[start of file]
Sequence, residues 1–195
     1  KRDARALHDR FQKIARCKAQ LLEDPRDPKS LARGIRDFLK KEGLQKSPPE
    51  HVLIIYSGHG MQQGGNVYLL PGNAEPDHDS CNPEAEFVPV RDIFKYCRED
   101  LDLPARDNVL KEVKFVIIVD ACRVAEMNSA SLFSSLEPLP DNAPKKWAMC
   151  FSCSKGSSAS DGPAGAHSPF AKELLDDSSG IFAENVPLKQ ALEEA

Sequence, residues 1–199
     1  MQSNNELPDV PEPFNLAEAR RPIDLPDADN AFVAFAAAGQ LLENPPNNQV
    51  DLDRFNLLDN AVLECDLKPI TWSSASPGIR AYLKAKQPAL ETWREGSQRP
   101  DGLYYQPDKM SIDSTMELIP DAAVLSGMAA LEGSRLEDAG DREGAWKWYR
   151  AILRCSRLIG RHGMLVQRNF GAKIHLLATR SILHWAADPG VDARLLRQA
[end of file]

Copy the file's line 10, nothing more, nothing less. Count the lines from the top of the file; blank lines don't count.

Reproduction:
   151  AILRCSRLIG RHGMLVQRNF GAKIHLLATR SILHWAADPG VDARLLRQA